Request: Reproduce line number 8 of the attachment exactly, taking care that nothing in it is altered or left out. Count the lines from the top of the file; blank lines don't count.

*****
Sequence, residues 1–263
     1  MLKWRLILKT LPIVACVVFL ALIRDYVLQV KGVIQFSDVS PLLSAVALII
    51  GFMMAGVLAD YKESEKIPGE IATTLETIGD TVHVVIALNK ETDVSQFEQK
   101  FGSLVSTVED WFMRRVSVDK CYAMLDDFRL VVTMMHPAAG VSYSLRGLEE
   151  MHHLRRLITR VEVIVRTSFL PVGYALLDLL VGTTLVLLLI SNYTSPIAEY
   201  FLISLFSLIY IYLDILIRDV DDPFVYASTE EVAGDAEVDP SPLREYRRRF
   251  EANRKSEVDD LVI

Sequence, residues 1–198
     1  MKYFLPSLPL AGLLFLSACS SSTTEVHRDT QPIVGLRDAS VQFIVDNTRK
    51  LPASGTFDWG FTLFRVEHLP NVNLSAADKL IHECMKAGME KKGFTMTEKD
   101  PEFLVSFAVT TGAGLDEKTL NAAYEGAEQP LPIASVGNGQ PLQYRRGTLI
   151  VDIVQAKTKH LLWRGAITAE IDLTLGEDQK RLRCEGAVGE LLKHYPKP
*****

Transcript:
Sequence, residues 1–198